Greater than or equal (>=) Compares two operands and return ``true` if the first is greater than the second or equal to the last. 6 >= 6 true
Less than (<) The operator compares two operands and return true if the first is less than the second. 2 < 1 false
Less than or equal (<=) Compares two operands and return true if the first is less than the second or equal to the last. 4 <= 8 true

Arithmetical Operators

Name Description Usage Result
Addition or concatenation (+) Adds values to each other and returns a sum of them. 2 + 2 4
Subtraction (-) Subtracts the second value from the firs one. 5 - 3 2
Multiplication (*) Multiplies one value by another. 3 * 4 12
Division (/) Divides the first value by the second one. 8 / 4 2
Remainder (%) Divides the first value by the second one and returns a remainder of the division. 5 % 2 1

Logical Operators

Name Description Usage Result
Logical AND (and, &&) The group of expressions returns true if each element does. The and operator has higher priority than or. (5 > 4) && (3 > 2) true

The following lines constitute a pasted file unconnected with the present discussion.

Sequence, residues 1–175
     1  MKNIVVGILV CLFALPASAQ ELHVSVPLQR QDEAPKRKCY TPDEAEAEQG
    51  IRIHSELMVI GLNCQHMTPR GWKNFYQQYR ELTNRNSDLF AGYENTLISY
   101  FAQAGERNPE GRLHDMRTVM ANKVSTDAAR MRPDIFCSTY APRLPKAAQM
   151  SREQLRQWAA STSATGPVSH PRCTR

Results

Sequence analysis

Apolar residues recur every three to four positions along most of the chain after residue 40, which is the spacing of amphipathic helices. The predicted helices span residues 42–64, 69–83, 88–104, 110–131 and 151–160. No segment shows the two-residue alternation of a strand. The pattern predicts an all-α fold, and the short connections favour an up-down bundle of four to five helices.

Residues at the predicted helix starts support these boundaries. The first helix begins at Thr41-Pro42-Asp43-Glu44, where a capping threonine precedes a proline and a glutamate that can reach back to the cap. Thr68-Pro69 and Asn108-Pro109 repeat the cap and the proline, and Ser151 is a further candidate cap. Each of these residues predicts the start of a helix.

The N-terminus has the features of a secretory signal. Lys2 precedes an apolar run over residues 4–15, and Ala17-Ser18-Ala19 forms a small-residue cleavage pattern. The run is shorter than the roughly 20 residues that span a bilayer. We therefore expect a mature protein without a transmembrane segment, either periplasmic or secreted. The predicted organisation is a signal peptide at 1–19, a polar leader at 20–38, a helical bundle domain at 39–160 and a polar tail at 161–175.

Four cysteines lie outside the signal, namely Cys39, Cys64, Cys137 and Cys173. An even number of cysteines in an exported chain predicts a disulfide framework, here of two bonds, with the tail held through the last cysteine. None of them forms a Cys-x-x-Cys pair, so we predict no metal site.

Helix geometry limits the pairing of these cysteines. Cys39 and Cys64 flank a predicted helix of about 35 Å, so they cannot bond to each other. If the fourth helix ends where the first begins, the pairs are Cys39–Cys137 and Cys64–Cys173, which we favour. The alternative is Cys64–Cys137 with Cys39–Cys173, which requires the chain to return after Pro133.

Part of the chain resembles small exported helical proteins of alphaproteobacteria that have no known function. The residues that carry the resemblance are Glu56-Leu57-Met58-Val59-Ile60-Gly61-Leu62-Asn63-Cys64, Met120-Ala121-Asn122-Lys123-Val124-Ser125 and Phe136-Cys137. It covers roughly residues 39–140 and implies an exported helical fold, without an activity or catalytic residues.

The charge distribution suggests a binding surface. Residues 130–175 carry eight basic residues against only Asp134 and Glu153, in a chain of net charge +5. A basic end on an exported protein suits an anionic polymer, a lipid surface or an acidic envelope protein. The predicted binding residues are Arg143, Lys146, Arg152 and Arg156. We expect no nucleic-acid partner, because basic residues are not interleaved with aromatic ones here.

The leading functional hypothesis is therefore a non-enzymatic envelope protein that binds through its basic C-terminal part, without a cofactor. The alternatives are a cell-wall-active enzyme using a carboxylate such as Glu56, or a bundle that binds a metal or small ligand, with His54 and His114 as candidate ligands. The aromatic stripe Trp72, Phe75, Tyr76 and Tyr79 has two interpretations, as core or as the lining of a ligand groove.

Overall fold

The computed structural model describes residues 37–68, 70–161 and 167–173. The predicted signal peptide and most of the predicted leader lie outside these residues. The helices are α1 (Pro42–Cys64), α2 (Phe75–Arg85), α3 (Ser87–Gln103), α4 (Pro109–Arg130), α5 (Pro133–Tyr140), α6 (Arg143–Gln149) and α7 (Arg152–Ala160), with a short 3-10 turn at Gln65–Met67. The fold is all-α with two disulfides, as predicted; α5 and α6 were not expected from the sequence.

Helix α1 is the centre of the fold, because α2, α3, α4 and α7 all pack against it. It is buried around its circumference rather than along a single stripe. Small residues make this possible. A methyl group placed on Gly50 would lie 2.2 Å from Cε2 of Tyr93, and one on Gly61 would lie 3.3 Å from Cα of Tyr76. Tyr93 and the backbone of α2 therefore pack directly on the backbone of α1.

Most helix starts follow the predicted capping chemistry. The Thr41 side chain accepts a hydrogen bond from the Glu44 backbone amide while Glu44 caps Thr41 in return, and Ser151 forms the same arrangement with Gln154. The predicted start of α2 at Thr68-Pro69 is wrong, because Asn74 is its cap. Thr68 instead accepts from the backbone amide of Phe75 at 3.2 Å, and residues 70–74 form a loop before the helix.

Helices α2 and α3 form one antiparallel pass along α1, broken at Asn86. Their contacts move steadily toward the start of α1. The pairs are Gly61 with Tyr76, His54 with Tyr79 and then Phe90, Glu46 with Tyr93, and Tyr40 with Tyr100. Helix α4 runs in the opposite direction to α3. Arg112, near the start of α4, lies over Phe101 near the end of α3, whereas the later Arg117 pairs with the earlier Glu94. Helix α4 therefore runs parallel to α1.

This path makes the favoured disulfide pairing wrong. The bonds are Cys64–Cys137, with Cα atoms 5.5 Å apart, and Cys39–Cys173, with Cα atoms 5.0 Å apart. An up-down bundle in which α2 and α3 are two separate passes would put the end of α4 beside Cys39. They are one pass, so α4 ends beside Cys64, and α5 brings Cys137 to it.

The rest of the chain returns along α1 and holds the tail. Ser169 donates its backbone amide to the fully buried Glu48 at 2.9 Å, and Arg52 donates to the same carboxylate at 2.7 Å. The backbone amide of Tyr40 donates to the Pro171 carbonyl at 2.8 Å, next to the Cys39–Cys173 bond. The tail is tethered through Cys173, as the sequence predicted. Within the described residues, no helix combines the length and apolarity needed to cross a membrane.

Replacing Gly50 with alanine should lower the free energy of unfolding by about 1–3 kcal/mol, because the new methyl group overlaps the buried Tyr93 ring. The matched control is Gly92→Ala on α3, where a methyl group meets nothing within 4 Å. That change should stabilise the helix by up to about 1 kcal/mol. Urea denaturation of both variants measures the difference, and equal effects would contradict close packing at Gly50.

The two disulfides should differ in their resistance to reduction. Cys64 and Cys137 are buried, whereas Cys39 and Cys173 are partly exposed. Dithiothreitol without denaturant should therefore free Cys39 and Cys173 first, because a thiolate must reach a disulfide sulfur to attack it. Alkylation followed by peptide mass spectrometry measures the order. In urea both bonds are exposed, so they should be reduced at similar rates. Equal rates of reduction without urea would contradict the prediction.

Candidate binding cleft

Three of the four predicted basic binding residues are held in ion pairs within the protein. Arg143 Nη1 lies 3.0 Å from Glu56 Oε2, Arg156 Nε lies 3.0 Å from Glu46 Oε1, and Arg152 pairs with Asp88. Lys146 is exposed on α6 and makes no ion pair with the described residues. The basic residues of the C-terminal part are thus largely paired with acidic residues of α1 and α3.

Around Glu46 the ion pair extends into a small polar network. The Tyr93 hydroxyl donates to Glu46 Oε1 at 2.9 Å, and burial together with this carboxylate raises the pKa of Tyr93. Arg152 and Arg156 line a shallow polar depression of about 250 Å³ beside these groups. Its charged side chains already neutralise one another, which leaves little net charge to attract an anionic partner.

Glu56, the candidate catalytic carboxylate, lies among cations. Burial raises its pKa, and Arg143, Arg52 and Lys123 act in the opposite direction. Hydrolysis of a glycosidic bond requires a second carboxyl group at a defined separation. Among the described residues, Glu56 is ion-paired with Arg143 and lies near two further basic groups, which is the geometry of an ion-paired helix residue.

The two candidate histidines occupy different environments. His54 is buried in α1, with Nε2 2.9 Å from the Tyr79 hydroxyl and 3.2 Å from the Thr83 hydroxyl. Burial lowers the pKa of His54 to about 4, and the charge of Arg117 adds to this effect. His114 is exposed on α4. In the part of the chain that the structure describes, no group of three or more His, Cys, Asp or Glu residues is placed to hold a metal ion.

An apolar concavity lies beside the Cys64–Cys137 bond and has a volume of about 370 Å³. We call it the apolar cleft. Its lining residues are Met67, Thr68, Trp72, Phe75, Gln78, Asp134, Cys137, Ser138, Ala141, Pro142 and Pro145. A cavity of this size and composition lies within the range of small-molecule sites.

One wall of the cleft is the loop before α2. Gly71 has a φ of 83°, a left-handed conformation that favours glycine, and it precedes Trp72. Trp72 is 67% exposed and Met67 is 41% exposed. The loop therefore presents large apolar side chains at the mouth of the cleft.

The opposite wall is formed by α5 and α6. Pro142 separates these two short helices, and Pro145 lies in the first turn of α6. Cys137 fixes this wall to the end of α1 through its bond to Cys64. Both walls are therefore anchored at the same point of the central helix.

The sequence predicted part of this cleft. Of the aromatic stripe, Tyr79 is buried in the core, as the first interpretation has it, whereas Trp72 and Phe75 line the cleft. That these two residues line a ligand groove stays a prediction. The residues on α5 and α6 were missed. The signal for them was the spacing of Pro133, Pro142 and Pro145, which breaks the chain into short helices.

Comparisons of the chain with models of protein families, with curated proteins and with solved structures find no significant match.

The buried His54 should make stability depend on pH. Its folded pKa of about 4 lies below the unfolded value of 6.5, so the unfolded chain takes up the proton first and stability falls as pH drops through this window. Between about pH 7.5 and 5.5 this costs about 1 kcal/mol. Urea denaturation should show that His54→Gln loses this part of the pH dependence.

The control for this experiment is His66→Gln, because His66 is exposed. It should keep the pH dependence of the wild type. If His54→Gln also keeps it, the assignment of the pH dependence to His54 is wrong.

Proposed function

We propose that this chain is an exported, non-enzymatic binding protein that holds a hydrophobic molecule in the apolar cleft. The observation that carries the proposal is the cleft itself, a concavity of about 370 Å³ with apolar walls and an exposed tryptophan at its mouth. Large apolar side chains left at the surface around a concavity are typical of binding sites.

Logical OR (or, ||) The group of expressions returns true if any element does. (5 < 4) || (3 > 2) true
Logical NOT (not, !) The operator changes the result of boolean expression to opposite. !(5 < 4) true

Functions

Boolean Functions

Name Description Usage Result
in() An argument of the function is a set of elements separated by comma. The function returns true if the first element is found among the rest ones. in(1 + 1, 1, 2, 3) true
if() The function receives three arguments: condition expression, values to return depending on the the condition (whether it is true or false). if(3 % 2 = 1, 'trueValue', 'falseValue') trueValue
contains() Returns true if the first string contains the second. contains('1234', '23') true
match()